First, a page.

“We feel, as a staff, that we can do this without any tax increases to our constituents,” he said. “We feel very comfortable that we can do this without any debt to the city. Ultimately, 25,000 square feet will not be enough, so we are planning space-wise for an additional 25,000 square feet.”

Horst said the city will likely also add branch libraries around the community.

There will be at least two public meetings in March and April where citizens can have input into the library’s design. The dates of the meetings will be announced soon, he said.

The location of the library has been planned to be part of the 140-acre city center complex and built just south of city hall. The city center complex is the geographical center of the City of Maricopa boundaries.

Horst said the new library will likely cost about $8 million to build but final costs, after furnishings and technology are installed, will be more in the $10 million range.

Funding for the $800,000 contract awarded to Hidell Associates Architects on Tuesday is paid from the city’s Library DIF1 ORG-32133135 funds.

Horst said the current library location on Smith-Enke Road will likely be turned into use by senior citizens, veterans, arts and performing art presentations, musical performances, public meetings and rentals for special events. He said that the space should accommodating between 200 and 250 performances annually.

The current Maricopa Veterans Center, next to the new Heritage Park on the Maricopa/Casa Grande Highway, could be turned over to the Historical Society for a museum next to the Zephyr rail car, according to Horst.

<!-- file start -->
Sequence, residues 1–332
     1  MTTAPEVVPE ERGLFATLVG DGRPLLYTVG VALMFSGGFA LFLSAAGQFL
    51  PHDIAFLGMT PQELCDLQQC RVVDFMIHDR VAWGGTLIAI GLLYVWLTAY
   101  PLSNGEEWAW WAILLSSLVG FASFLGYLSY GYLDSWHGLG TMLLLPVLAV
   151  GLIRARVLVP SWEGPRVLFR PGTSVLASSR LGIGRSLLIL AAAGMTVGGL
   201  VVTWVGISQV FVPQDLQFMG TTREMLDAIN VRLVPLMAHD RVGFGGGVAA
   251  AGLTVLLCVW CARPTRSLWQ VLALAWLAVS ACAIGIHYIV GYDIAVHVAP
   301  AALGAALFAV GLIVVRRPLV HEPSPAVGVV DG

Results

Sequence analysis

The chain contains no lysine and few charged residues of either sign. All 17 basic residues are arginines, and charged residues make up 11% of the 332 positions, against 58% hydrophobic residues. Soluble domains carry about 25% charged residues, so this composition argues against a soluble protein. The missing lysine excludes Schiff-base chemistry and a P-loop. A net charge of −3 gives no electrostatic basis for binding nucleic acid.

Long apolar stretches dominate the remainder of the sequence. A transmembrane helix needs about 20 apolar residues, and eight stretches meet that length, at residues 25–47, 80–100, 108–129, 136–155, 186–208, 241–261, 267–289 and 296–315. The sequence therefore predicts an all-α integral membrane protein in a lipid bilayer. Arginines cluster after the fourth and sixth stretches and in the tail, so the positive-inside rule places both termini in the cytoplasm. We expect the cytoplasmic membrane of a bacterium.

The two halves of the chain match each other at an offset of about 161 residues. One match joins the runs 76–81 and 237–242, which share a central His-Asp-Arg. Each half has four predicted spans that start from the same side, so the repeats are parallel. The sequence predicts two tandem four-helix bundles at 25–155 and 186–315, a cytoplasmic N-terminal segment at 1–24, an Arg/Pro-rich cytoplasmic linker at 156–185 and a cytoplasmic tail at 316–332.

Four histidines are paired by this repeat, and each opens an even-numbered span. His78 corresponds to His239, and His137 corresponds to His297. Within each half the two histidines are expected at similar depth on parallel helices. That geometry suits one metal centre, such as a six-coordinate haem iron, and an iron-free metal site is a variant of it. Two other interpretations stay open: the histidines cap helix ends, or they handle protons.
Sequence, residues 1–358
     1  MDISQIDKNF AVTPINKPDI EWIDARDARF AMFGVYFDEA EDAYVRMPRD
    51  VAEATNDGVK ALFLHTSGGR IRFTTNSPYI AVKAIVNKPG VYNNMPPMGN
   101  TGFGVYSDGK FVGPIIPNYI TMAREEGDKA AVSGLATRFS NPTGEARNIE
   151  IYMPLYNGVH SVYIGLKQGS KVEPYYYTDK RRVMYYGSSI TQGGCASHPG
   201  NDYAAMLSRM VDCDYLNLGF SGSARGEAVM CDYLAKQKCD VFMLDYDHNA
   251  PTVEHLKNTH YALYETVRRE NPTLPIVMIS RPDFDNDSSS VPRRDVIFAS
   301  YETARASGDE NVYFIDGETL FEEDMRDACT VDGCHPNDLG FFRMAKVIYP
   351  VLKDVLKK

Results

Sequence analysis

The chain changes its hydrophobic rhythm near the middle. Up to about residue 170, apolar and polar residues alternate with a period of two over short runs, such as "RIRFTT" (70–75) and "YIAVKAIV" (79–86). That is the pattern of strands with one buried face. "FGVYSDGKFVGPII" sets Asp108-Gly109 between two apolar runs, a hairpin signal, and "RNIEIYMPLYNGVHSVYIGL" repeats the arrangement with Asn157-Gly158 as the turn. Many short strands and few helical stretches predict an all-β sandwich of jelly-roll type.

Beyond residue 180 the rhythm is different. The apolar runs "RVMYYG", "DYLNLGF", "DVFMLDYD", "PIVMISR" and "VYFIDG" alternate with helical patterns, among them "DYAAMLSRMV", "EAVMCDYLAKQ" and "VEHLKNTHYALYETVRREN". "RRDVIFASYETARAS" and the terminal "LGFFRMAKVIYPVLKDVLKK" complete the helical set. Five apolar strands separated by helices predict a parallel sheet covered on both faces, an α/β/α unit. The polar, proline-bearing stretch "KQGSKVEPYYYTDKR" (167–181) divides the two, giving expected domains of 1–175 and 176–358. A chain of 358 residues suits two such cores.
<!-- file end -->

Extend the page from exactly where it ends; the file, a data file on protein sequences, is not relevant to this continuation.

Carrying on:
In other matters Tuesday evening:

The council voted to keep its regular meetings at 7 p.m. and mostly eliminate the work sessions they have been having at 6 p.m. before the regular meetings. The work sessions, if needed, will be part of the regular meetings or called as a special meeting. The start time of the regular meetings can also be adjusted with the declaration of a special meeting in the event of a lengthy agenda.

The council approved the sale of land to Maricopa Auberge LLC in the Copper Sky Commercial district. The location will allow Maricopa Auberge to build an approximately 90-room business class LaQuinta Hotel at the site. The 87,120 square foot site is being sold to Maricopa Auberge for $435,600.

The council approved the elimination of the Non-Profit Funding Evaluation Committee, the Veteran Affairs Committee and eliminating the Youth Internship Program Advisory Committee. The changes are requested as the three committees are no longer necessary or functional.

Two credit card skimmers were discovered on gas pumps at Circle K at John Wayne Parkway & Smith Enke Road on Feb. 5, according to the Weights and Measures Services Division.

Maricopa is not alone as 12 card skimmers were discovered across Arizona in January. Last year, authorities found 148 credit card skimmers across the state, up from 57 in 2017.

Many of the new skimmers utilize Bluetooth technology. If you suspect or want to check for skimmers at the pumps simply go to the Bluetooth settings on your phone and look for devices in the area. There are also anti-skimmer applications available on both the Google Play and the Apple Stores.

From January 2017 through May 2018, officials have found 89 credit card skimmers at 72 locations around Arizona.

Thieves have begun to use Bluetooth technology to capture credit or debit card information. The crime is called bluesnarfing or blue skimming, and the crooks can sit 100 yards away in their vehicle while credit and debit card information is transmitted to their laptop.

Tips from the Attorney General’s Office:

  1. Always use credit cards to pay for gas at the pump. If you have to use an ATM card, run it as credit.